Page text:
Various techniques used in biophotonics have been developed in an industrial or military setting before migrating to medicine and the life sciences. This is one reason why many techniques and applications used in biophotonics are open for dual use, i.e. can in principle be used for both civilian and military aims. Laser applications, high resolution analysis tools or microscopy technologies can for example serve military purposes as well as human (or animal) health care goals.
A wide range of chemicals, toxins, and microbiological materials are now being used in warfare and terror attacks; it is expected that in the coming years, threats from such chemicals and biological warfare will increase significantly.The military uses Biophotonics sensors for chemical and biological explosive detection, field intelligence, and bio-warfare defense as they can easily detect bacteria, spores, viruses, and toxins, and function perfectly in dirty environments.
These sensors are also being used to enhance homeland security. They are also used to monitor water supplies, sense intrusion at country borders, and secure cargo containers. Hong Kong uses biophotonic sensors to inspect the contents of all containers entering its port area. Other countries are expected to follow this practice, thus leading to a growth of the sensor market during the forecast period.
Sensing for human performance monitoring as applied to military situations is the integration of body-worn bio-sensing technologies with a particular human activity, whether in the combat theater or in maintenance applications. Morley Stone, Chief Technology Officer at the US Air Force Research Laboratory asked, “How can we best integrate the human-centric control loop with a military system?”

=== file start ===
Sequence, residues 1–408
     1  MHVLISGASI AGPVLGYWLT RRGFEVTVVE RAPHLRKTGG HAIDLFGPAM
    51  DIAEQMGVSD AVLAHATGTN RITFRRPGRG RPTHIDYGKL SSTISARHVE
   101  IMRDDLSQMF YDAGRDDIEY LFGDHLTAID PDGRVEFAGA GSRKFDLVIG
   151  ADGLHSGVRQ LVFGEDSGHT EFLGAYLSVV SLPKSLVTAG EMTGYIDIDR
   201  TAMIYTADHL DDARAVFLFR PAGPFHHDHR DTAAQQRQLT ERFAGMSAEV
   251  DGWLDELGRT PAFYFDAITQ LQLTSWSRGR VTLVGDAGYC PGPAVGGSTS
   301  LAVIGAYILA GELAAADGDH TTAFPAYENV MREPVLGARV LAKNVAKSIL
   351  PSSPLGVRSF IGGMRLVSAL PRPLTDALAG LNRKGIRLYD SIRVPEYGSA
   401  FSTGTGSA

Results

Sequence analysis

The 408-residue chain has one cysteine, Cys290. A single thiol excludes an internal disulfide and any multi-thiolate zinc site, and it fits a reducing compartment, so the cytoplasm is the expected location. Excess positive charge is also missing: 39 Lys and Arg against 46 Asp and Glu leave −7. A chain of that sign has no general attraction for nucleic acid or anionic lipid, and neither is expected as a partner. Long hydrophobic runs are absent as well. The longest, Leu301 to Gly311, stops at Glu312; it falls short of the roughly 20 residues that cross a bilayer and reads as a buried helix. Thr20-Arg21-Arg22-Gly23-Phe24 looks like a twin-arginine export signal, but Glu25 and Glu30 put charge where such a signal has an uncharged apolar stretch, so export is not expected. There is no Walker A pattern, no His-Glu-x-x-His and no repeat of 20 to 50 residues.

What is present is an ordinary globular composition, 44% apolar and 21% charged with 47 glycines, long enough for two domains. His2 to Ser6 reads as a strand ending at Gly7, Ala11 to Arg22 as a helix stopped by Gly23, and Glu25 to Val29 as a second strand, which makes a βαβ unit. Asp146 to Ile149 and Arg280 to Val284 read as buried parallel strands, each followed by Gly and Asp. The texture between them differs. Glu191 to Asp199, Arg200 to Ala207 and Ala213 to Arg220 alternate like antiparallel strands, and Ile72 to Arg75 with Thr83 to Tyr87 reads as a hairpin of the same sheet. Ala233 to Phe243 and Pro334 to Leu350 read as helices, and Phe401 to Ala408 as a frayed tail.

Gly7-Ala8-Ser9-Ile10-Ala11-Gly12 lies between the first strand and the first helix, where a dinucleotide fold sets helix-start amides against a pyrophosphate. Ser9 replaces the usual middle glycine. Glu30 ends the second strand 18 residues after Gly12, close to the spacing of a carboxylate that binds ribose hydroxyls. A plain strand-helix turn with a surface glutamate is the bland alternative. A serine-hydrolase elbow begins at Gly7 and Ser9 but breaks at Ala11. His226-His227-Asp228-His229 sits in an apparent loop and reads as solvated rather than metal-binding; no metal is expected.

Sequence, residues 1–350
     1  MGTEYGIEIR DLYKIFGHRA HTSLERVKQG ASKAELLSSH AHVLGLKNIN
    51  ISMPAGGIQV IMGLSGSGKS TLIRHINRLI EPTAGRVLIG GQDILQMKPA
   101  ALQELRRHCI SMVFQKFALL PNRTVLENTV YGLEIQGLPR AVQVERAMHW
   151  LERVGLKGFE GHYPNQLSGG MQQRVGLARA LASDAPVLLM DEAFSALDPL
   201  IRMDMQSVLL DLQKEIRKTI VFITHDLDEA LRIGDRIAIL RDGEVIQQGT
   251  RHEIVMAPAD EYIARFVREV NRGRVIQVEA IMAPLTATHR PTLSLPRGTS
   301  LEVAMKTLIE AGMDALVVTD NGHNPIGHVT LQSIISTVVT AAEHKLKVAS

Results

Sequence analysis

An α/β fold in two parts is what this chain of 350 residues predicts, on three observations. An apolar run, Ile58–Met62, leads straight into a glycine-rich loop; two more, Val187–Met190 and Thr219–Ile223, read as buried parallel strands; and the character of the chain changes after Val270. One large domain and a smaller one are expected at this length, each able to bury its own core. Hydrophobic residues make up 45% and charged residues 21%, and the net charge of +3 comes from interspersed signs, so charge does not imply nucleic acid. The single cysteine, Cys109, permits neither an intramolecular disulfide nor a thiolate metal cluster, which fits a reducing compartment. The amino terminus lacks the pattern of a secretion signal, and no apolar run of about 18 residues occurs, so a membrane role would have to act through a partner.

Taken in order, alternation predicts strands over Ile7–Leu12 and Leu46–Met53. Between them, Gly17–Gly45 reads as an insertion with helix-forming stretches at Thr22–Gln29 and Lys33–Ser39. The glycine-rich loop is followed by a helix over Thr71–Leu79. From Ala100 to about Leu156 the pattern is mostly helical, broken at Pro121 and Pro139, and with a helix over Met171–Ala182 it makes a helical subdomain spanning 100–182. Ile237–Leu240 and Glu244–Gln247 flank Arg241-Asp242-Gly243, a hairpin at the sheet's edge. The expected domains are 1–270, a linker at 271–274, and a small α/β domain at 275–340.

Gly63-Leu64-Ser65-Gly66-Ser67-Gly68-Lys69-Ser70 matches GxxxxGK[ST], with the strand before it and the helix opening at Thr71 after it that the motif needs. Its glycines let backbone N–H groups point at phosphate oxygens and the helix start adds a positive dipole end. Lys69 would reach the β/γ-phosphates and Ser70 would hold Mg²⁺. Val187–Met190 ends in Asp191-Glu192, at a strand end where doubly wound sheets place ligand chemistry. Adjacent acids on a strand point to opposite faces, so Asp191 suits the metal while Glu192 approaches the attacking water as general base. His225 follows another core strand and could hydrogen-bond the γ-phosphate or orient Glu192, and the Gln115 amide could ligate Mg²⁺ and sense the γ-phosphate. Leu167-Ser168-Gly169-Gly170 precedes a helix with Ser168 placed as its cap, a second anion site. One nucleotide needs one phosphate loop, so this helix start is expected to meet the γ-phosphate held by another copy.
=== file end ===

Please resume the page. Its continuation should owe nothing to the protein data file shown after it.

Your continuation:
Various photonics-based sensing technologies, such as for monitoring blood pressure, sweat composition and blood oxygen levels, are now used to improve both performance and safety of personnel in a variety of situations, including treatment of injured warfighters and keeping maintenance operatives safe while they performing hazardous jobs like cleaning aircraft fuel tanks. He commented, “These systems are allowing us to approach the human no longer as a separate black box but as a connected component integrated into an overall managed system.”
National Science Foundation and DARPA program on Biophotonics
Photonics is the technology of generating and harnessing light and other forms of radiant energy whose quantum unit is the photon. The unparalleled combination of spatial resolution, sensitivity, and spectral specificity of optical techniques has provided new biomedical research tools for visualization, measurement, analysis, and manipulation. Photonic techniques are under investigation for noninvasive diagnostic and monitoring applications such as early detection of breast cancer and glucose monitoring for people with diabetes.
The intent of this initiative is to exploit the power of photonics to advance biomedical engineering. Developing noninvasive, molecularly specific sensing, imaging, monitoring, and therapeutic systems with high optical sensitivity, and resolution would be an enormous accomplishment with powerful applications to both biology and medicine. Low cost diagnostics will requirenovel integration of photonics, molecular biology and material science. Complex biosensors capable of detecting and discriminating among large classes of biomolecules could be important not only to biology and medicine but also to environmental sensing. These advances will require multidisciplinary integration of optical technologies with molecular biology in novel engineered systems biomolecules.